Aquaman and the Lost Kingdom – movie review

Once seemingly a license to make money, the sheen seems to have worn off the superhero movie genre following a few disappointing films like The Marvels, Blue Beetle and the troubled The Flash. And now here comes what is, arguably, the nadir of the genre with this waterlogged sequel to 2018’s Aquaman. Aquaman and the Lost Kingdom provides the last nail in the coffin of this franchise.

When the film opens we get a brief recap of the previous film to bring us up to date on Aquaman/Arthur Curry (Jason Momoa). He seems to be bored with the routine of being both a father to his newborn son and also ruler of the undersea kingdom of Atlantis. But the return of his former enemy David Kane, aka Black Manta (Yahya Abdul-Mateen), soon shakes up his world. Black Manta is seeking vengeance on Aquaman for killing his father and swears to destroy everything and everyone he holds dear. With the help of scientist Dr Stephen Shin (Randall Park) Black Manta has obtained the mysterious fabled black trident which gives him power over an ancient malevolent force. But, in the meantime, he is also raiding Atlantean vaults around the world for reserves of the rare element orichcalcum. He is burning them up, which is heating up the earth’s surface and the global warming levels are approaching catastrophic levels.

To counter the threat Aquaman must reluctantly team up with his half-brother Orm (Patrick Wilson), the former king of Atlantis who had been exiled to a prison far away at the end of the first film. Once Aquaman has freed Orm the bickering siblings must learn to work together to save both their undersea kingdom and the surface world. But can Aquaman even trust his own brother.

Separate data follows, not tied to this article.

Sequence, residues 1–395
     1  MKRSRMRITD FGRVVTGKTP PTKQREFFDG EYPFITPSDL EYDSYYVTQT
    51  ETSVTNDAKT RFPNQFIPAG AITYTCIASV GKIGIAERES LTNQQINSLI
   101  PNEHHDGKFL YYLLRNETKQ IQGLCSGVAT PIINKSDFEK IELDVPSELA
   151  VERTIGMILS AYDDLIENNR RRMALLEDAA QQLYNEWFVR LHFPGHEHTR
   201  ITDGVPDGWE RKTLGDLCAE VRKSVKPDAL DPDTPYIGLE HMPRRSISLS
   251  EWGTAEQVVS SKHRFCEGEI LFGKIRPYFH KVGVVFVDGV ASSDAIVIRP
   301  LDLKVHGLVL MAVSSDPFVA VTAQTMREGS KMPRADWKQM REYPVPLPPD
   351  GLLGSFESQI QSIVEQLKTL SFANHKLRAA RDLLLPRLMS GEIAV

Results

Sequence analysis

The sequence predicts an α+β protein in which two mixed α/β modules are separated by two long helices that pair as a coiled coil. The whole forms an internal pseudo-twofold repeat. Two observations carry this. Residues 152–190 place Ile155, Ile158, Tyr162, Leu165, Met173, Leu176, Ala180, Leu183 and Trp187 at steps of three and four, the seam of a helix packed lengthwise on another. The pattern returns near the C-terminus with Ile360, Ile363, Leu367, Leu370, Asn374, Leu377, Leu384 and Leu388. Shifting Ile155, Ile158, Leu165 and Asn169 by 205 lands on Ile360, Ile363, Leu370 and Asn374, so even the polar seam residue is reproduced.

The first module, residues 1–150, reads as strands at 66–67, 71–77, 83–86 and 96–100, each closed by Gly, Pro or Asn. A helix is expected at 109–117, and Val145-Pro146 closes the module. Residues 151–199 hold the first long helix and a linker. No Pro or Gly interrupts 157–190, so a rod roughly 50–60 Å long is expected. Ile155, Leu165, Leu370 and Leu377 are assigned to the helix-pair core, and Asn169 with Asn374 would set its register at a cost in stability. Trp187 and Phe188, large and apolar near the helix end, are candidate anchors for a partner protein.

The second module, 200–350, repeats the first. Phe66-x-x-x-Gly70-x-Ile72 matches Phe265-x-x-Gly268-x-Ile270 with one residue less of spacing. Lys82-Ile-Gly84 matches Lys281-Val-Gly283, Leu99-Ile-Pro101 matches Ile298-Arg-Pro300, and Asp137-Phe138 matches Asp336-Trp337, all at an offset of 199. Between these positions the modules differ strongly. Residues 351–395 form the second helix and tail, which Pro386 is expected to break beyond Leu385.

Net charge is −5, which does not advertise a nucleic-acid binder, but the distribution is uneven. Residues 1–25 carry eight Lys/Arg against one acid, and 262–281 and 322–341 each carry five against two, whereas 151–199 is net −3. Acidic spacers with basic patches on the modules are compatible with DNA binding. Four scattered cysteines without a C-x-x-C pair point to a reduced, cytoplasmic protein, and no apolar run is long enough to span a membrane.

The problems with this film begin with the lacklustre and formulaic script, which is credited to four writers including David Leslie Johnson-McGoldrick (who scripted the 2018 film), director James Wan, Thomas Pa’a Sibbett and star Jason Momoa. The film explores themes of father/son relationships, responsibility, vengeance and even global warming. Wan may have been adept with the demands of his horror franchises like the Saw and The Conjuring series and its spin-offs, but here he seems all at sea in handling this special effects heavy disaster. The key action scenes are muddled, messy and chaotically handled rendering them virtually unwatchable. For the most part the film is boring.

The film overloads on its state-of-the-art CGI and green screen effects, courtesy of an army of digital artists and visual effects companies which makes it appear almost animated at times. Admittedly cinematographer Don Burgess does a great job of shooting this undersea world that Wan and his production team have created. The production design from Bill Brzeski has been heavily influenced by Ray Harryhausen and gives the material the look of those B-grade creature features from the 50s.

But even worse are the disengaged performances from the leads. Momoa, who seemed to have a blast as the villain in Fast X, lacks his usual charm and charisma here. His personality here remains dour throughout much of the film. Wilson appears disinterested, and his performance here reeks of contractual obligation stuff. Abdul-Manteen turns in a cliched performance as the stereotypical villain here who spends most of his inane dialogue issuing orders and making threats. And the likes of Nicole Kidman and Amber Heard are wasted in fairly thankless roles. Martin Short attempts to provide some comic relief as the digitally created Kingfish. Temuera Morrison and Dolph Lundgren reprise their roles from the original.

Momoa has hinted that this will be his last appearance as Aquaman – if so, he goes out with more of a whimper than a bang.

Greg King

Other reviews you might enjoy: